Compelling investment options
Specialist industrial companies eyeing the JSE
At the end of last month, South Ocean, a well-established cable maker (and worthy rival to Aberdare and African Cables) listed on the JSE’s main board with a market capitalisation of nearly R900m – making it one of the biggest listings on the JSE in recent years. South Ocean placed 52,5m shares at 700c with consummate ease – suggesting a considerable market appetite for well-established mid-size industrial companies.
It seems South Ocean’s achievement will this week be superseded by road builder Raubex, which – at the time of going to press – was set to list with a market capitalisation of well over R2bn. The group – more than three decades old – was pitching about 56m shares at between 1350c and 1500c per share mainly through a book-building exercise managed by Investec.
Finweek understands (from talking to corporate advisers) there are more than a handful of specialist industrial companies (particularly family-owned entities) that are eyeing the JSE in a bid to woo empowerment partners, raise corporate profiles and bolster balance sheets to ensure business opportunities are not lost due to lack of capacity. THE SIZE AND STATURE of new JSE listings appear to be growing, a development that suggests the prevailing mini-listings boom is not the exclusive ambit of the frothy junior market, the AltX.
While new listings should roll steadily on to the JSE this year (unless prime movers are spooked by the current market jitters), there are also a number of existing listings that look set to or might contemplate unshackling portions of their business with separate listing proposals.
The most signif icant development in this regard – at least in terms of size and stature – could come from the flanks of Richemont and Remgro*.
The two Rupert family-controlled companies struck a revised agreement with British American Tobacco (BAT) to make provision for a secondary listing of the London-listed tobacco giant on the JSE.
The reason the secondary listing provision arose is due to a proposed BAT share buy-back. Remgro and Richemont collectively own just under 30% of BAT, but this stake is likely to rise well past that 30% level as a result of share buy-backs being made by the tobacco group.
Shareholders and the LSE are likely to agree to a proposal that the breaching of the 30% level will not entail Remgro and Richemont (via R&R Holdings) making a compulsory offer to BAT minority shareholders.
The secondary listing then is tantamount to an insurance policy for SA-based shareholders in Remgro and Richemont, enabling them to participate in an unbundling exercise if either company decided to spin off the tobacco interests.
Remgro and Richemont made it clear in a press statement that no such unbundling of the BAT stake was being contemplated. But the very fact that it has been mulled over in the minds of the Remgro and Richemont executives is significant enough…and more than a few shareholders may prefer to see Remgro build its industrial and financial services interests and Richemont its luxury goods business sans the stigma of tobacco.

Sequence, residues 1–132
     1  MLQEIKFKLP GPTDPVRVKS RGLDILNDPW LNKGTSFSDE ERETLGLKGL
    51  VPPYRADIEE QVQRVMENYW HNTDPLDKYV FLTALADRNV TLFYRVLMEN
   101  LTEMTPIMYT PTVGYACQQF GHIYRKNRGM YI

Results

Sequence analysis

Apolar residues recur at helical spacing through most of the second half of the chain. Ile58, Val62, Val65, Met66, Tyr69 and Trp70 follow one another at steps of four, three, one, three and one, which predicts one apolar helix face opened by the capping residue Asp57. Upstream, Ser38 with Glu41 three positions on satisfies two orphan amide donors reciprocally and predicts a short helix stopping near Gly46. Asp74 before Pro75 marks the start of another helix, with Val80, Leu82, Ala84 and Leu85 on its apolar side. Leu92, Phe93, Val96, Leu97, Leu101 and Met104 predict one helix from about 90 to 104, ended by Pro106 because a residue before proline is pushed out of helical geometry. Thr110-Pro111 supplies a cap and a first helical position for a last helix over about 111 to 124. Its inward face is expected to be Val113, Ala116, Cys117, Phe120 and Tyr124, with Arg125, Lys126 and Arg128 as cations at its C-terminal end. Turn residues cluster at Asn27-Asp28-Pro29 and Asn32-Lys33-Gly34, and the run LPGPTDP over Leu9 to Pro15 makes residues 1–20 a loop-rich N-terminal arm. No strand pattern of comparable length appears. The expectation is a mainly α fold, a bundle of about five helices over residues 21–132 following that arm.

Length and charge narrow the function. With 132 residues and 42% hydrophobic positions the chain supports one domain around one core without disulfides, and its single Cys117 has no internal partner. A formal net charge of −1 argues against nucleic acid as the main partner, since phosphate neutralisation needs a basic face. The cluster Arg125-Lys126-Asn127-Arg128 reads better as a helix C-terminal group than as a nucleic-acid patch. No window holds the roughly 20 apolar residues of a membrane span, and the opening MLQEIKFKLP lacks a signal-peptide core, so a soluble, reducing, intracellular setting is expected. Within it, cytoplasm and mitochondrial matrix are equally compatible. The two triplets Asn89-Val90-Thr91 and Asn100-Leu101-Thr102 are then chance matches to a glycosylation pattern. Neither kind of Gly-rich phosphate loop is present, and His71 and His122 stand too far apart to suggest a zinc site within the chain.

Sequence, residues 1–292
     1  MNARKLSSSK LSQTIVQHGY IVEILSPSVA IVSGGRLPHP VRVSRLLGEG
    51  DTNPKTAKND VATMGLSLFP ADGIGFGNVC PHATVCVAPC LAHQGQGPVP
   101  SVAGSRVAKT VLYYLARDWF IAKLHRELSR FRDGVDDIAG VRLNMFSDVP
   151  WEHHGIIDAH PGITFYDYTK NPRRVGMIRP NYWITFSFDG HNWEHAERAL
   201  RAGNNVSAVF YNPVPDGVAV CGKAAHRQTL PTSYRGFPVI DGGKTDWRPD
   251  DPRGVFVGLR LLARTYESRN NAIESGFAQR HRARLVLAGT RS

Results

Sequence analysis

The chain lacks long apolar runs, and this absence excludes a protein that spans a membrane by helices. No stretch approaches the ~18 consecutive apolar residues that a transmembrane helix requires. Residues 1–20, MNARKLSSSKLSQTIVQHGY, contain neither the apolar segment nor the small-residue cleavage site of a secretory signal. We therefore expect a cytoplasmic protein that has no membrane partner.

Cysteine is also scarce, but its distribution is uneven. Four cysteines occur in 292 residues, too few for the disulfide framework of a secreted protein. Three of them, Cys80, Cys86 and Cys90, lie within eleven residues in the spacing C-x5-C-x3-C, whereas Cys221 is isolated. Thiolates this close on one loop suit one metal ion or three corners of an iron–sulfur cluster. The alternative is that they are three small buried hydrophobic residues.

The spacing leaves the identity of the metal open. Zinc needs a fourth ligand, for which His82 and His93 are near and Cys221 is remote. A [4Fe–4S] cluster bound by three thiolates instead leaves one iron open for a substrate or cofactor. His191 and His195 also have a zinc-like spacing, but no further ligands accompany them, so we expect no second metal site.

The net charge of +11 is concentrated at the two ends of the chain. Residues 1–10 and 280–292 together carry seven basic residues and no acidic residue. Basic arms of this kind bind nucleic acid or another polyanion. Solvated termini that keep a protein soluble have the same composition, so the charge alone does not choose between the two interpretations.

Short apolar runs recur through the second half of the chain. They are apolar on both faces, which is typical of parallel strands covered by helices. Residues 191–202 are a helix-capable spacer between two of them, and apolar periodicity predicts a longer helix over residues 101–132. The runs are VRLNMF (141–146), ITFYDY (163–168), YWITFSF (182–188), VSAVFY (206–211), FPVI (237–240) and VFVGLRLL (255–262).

Others may well embrace locally listed shares in BAT, which – as a conservative, cash-generative company – is renowned as a defensive stock.
Another interesting development – and perhaps one that’s long overdue – is the admission by container management group Trencor that it was keen to separately list its core Californiabased container-leasing arm, Textainer.
Trencor’s Neil Jowell says investigations into value-enhancement initiatives at operational level indicated that it might be appropriate to list 72% owned Textainer on an international stock exchange.
Textainer, which manages the world’s largest lessor-operated container fleet of more than 1,5m units, reported net profit of $54,1m in the year to end-December 2006.
Possibly this would see Trencor (which is simplifying its control structure) considering a secondary listing for Textainer in SA – although the California-based operation already accounts for the bulk of Trencor’s earnings.
Another significant new listing possibility was tucked away in the recently released results of clothing & textile giant Seardel. Directors’ comments disclosed that the strongly performing office equipment and consumer electronics division Seartec was set to clinch a broad-based empowerment deal. Seartec – in interim results to end-December – generated more operating profit than the core textile and clothing businesses despite generating a much smaller turnover.
While Seardel has stressed that operational diversity is integral to the group’s sustained profitability, one cannot help wonder – especially with empowerment partners onboard – whether Seartec (which was listed in the late Nineties) should not be unbundled or partially unbundled for a separate listing?
No doubt Seartec could also raise a fair bit of new capital for expansion and seeking out new opportunities.
Possible secondary listing for Textainer in SA. Neil Jowell